Described as a “beguiling and refreshingly non-partisan political travelogue” by the American Film Institute, Chen’s documentary follows four Chinese Americans who voted for the first time in the 2018 midterm elections and illuminates their contrasting political and social views. Cory Lemke, Vice Chairperson of Democrats Abroad Republic of Korea, hosted the discussion. First Vote highlights voters in battlegrounds states with different political leanings. The subjects of the documentary include engaged Trump fans and progressive journalists, showcasing the diversity of the Asian American electorate.
Throughout the film, Yi Chen explores the meaning of identity to Asian American voters, especially those living in the South. In her discussion with the AAPI caucus, Chen spoke about her research, which she conducted through interviews and demographic analysis. Subjects said their families, childhood experiences, values, and cultural elements all came into play when they began to engage with politics. As a notable dividing trait, Chen shared that first generation Asian immigrants tend to lean more Republican, while second and third generation Asian Americans are traditionally more Democratic. Chen touches on a number of topics relevant to her work including voting rights, immigration, and why engaging new diverse voters matters so much.Read more
Since moving to Glasgow to go to university I find myself missing lots about New Orleans. I miss the warm weather, the people, my friends, family, the annual church Christmas tree sale, and most of all the food. Most New Orleanian dishes are meat heavy, spicy, and with specific ingredients hard to find anywhere else, so a lot of improvisation is needed when trying to cook for a group of friends with two vegans, a vegetarian, someone with a gluten intolerance, and make sure its not too spicy. Sadly this makes it impossible to make my favorite dish (chicken and sausage gumbo), but I've found that my red beans and rice recipe is always a hit! Red beans and rice are traditionally a Monday (laundry day) night dinner, as it's a low effort dish that can simmer all day while doing you're laundry. I've adjusted a couple recipes I've found online to my taste and schedule so feel free to improvise!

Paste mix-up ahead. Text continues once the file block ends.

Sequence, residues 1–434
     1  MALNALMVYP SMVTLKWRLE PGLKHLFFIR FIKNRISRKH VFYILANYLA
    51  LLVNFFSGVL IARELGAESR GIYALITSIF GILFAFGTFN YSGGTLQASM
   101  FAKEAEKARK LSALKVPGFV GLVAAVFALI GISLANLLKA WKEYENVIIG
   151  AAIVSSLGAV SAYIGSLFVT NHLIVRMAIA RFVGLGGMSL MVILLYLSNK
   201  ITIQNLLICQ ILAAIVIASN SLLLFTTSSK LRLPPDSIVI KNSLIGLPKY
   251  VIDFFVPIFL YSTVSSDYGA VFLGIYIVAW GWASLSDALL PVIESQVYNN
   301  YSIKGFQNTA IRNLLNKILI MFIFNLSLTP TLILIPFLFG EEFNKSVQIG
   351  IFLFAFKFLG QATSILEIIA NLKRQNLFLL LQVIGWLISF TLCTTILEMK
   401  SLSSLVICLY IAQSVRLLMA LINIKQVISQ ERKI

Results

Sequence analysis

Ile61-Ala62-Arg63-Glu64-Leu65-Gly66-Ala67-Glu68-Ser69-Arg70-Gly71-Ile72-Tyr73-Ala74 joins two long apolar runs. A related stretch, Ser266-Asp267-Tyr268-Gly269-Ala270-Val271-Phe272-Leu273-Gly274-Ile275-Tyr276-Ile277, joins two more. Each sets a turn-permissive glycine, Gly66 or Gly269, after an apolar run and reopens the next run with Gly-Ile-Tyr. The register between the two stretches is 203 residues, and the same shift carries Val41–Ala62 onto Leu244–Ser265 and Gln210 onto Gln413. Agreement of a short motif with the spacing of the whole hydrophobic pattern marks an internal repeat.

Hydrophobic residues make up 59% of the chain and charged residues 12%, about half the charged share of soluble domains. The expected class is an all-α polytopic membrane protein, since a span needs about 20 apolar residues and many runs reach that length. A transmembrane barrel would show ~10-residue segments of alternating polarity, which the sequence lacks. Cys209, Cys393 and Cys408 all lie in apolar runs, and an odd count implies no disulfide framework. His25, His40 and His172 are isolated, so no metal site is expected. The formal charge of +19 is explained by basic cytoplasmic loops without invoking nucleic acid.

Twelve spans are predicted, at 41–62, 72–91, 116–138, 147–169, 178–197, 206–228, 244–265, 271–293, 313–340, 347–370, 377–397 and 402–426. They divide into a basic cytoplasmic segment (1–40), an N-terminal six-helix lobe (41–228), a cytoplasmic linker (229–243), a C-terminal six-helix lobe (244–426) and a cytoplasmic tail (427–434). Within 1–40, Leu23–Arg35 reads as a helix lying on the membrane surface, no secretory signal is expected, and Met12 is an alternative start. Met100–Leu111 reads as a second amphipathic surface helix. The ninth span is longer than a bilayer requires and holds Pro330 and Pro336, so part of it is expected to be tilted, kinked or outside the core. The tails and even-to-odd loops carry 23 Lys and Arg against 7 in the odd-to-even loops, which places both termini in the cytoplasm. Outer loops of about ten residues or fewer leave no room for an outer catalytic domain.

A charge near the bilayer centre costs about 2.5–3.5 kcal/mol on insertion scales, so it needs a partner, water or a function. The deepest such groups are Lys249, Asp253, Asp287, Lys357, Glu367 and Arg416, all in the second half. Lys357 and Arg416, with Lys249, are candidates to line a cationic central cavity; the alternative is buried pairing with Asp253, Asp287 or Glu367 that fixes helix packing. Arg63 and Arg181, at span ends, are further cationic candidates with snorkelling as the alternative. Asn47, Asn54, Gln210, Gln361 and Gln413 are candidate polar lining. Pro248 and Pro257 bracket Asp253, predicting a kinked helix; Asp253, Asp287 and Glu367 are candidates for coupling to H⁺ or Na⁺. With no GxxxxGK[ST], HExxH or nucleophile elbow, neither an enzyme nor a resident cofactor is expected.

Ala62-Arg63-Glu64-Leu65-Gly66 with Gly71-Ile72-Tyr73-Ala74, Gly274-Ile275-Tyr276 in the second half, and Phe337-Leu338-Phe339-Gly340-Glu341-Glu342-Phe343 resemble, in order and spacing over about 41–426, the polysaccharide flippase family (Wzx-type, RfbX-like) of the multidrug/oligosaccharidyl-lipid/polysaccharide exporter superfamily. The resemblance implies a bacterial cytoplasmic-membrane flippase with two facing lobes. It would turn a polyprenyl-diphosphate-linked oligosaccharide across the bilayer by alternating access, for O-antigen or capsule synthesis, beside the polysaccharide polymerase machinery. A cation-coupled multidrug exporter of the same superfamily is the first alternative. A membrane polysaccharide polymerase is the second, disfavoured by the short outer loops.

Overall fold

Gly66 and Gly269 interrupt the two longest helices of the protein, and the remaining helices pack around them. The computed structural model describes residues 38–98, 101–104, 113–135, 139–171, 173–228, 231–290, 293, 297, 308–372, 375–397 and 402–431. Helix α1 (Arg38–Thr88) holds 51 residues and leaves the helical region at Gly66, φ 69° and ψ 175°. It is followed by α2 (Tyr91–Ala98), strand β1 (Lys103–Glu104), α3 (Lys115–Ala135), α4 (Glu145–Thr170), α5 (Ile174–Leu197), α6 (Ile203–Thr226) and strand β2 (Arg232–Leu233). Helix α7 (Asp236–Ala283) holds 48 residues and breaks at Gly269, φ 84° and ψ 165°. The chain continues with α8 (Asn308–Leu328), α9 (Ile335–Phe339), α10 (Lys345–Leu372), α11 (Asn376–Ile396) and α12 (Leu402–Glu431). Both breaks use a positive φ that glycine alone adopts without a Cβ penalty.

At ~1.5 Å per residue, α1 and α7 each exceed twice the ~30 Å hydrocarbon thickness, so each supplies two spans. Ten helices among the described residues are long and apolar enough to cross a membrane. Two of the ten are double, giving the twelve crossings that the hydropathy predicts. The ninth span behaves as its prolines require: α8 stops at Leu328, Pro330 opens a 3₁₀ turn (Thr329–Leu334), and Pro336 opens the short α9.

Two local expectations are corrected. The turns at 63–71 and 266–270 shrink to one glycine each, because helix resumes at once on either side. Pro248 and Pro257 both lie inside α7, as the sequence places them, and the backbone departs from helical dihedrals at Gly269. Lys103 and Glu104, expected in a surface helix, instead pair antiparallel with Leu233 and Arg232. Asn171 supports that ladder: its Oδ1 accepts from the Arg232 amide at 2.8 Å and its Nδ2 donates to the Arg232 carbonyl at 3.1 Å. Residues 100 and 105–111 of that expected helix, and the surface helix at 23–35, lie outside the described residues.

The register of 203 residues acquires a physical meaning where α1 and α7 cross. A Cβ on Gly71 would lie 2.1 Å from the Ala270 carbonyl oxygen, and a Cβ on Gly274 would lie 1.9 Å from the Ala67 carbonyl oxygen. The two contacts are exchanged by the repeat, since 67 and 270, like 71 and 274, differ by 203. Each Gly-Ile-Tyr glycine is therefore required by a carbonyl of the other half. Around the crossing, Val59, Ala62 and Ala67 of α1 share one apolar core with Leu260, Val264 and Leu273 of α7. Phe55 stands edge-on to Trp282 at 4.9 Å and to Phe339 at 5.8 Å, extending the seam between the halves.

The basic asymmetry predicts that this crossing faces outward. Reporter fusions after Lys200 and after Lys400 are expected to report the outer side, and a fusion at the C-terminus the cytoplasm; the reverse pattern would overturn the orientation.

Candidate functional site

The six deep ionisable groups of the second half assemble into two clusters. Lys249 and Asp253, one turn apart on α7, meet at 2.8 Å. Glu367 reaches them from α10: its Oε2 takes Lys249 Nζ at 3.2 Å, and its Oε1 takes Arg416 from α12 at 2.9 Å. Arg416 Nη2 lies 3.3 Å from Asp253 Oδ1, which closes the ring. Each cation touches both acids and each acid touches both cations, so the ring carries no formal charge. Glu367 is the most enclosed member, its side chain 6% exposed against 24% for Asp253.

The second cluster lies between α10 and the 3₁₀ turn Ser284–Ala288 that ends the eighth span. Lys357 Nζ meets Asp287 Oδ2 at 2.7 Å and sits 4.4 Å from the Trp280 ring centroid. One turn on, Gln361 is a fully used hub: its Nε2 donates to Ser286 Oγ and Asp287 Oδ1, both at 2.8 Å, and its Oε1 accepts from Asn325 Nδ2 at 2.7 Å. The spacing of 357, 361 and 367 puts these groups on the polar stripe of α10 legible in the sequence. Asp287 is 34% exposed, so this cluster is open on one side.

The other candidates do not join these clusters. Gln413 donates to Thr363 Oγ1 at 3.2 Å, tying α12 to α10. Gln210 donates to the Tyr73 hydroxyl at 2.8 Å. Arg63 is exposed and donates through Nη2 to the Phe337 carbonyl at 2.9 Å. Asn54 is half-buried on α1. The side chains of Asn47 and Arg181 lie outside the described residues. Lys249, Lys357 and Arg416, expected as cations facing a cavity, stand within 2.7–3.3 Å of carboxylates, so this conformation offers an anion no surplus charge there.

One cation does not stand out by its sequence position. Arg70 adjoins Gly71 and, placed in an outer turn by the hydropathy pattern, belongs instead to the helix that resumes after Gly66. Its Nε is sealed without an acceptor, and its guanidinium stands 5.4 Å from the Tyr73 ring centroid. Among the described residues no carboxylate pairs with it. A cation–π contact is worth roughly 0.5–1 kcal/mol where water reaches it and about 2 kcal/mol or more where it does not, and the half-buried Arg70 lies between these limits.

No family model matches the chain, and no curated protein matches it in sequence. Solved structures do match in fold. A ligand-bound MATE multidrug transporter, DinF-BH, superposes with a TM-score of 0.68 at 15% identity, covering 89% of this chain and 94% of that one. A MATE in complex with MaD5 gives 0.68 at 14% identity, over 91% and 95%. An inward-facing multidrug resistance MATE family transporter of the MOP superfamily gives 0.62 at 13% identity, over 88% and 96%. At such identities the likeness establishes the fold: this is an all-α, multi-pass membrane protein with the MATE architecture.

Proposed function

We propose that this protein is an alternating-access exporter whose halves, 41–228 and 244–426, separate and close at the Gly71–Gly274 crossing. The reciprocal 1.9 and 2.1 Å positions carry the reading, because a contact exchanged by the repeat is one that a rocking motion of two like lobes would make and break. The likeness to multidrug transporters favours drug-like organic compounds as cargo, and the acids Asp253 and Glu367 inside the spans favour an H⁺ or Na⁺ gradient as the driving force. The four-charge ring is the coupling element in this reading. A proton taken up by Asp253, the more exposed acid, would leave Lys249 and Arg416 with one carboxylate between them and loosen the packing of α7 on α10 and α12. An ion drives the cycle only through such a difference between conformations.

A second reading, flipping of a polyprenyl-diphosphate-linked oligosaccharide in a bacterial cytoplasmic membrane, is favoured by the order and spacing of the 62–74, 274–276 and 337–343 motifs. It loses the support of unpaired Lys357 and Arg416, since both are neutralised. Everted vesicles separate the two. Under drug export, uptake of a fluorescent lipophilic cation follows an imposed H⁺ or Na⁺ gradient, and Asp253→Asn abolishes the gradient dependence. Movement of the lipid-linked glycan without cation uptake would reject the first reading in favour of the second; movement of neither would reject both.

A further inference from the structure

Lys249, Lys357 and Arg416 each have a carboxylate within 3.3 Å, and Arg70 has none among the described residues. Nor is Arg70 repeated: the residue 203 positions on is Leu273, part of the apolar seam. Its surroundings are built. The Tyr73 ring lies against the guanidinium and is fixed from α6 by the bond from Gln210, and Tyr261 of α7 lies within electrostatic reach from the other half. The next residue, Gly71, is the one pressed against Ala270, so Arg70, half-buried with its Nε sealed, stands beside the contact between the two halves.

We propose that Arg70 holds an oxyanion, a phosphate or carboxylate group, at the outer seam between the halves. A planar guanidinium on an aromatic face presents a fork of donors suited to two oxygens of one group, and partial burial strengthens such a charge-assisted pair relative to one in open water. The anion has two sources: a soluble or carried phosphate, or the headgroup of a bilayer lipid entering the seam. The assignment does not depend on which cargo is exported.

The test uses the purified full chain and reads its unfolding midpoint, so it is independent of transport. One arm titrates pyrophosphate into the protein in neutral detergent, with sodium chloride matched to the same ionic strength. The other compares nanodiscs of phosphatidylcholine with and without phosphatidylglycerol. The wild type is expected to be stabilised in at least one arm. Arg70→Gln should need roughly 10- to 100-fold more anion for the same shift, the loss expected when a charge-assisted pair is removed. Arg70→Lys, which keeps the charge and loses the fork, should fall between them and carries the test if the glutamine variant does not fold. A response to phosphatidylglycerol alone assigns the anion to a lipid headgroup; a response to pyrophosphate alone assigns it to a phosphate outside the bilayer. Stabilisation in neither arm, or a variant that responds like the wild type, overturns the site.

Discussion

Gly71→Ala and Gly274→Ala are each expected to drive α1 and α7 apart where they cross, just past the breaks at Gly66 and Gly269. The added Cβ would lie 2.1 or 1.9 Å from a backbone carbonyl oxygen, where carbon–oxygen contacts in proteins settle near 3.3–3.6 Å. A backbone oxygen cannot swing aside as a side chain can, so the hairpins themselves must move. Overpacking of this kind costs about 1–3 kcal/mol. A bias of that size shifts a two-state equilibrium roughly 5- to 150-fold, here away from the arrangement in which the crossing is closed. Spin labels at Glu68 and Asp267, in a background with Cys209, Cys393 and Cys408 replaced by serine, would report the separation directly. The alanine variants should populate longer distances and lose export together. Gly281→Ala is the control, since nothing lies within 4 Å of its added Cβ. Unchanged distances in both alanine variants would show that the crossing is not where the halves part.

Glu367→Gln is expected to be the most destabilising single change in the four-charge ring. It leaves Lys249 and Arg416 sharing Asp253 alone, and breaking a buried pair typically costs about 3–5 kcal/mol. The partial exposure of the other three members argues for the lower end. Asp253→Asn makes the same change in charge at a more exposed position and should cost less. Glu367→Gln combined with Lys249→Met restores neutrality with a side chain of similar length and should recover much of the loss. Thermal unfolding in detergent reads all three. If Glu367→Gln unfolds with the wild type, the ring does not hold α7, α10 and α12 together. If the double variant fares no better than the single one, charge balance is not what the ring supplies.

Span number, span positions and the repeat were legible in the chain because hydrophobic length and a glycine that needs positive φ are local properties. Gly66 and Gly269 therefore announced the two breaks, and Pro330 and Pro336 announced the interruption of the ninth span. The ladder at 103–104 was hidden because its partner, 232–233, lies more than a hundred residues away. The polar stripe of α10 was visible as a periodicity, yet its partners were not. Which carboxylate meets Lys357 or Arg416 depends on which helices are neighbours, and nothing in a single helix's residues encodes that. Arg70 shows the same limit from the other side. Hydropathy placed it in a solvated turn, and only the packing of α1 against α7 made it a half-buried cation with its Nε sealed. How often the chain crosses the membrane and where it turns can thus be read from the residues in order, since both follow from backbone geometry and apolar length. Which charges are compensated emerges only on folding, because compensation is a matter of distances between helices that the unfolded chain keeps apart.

Lina's Red Beans and Rice (can be vegan/vegetarian)
I first moved to Ireland in November 2018. It didn't make sense to turn around and visit America less than a month into my move, so my partner's family put on a Thanksgiving to make me feel less homesick. After hearing about "the marshmallow thing" and how positively gross it sounded, I had to defend my southeastern heritage and bring Sweet Potato Casserole to the table. This is the recipe my own Chinese mother loves, a "not too sweet" version using maple syrup instead of copious amounts of brown sugar that also results in a high fibre snack while you're in a flurry of cooking. Try to find American marshmallows if you can, I've found the UKI ones don't melt quite right for the casserole.
Brianna's Sweet Potato Casserole
Thanks to Covid, I can't travel home to New York City on a regular basis. In Munich, the asian food scene is pretty much non-existent. Since I don't have time to become a DimSum chef, I figured I could at least find a way to come close to my favorite New York salad - the Carmine's version.
Karen's Caesar Salad (no raw eggs)
Growing up, we made dumplings often enough that it became a semi-regular thing in my household.
Sometimes, my mother would invite her few Chinese friends over and we’d spend an hour or two making dumplings, then eating until our stomachs hurt. Their children, my sister, and I pressed the edges of the wrappers together carefully, using a fork sometimes to create the ridges. My mother and her friends, chatting absently, were ten times faster than the rest of us. My aunt, who I see once every few years when we take the trip to my mother’s hometown, uses one hand to fold dumplings, a skill I have yet to acquire or understand.
I’m better now than I was when I first started out, even to the point that I can teach my German friends how to plop the right amount of dumpling filling into the wrapper, open on your palm, and carefully tuck the sides in. It’s become a tradition for my group of friends here for Lunar New Year; my girlfriend has even mastered the perfect fold. I use my mother’s recipe, which she typed up and sent to me in an email a year after I moved out and requested while feeling homesick. It’s one of the most concrete, tangible things from Chinese culture I can share.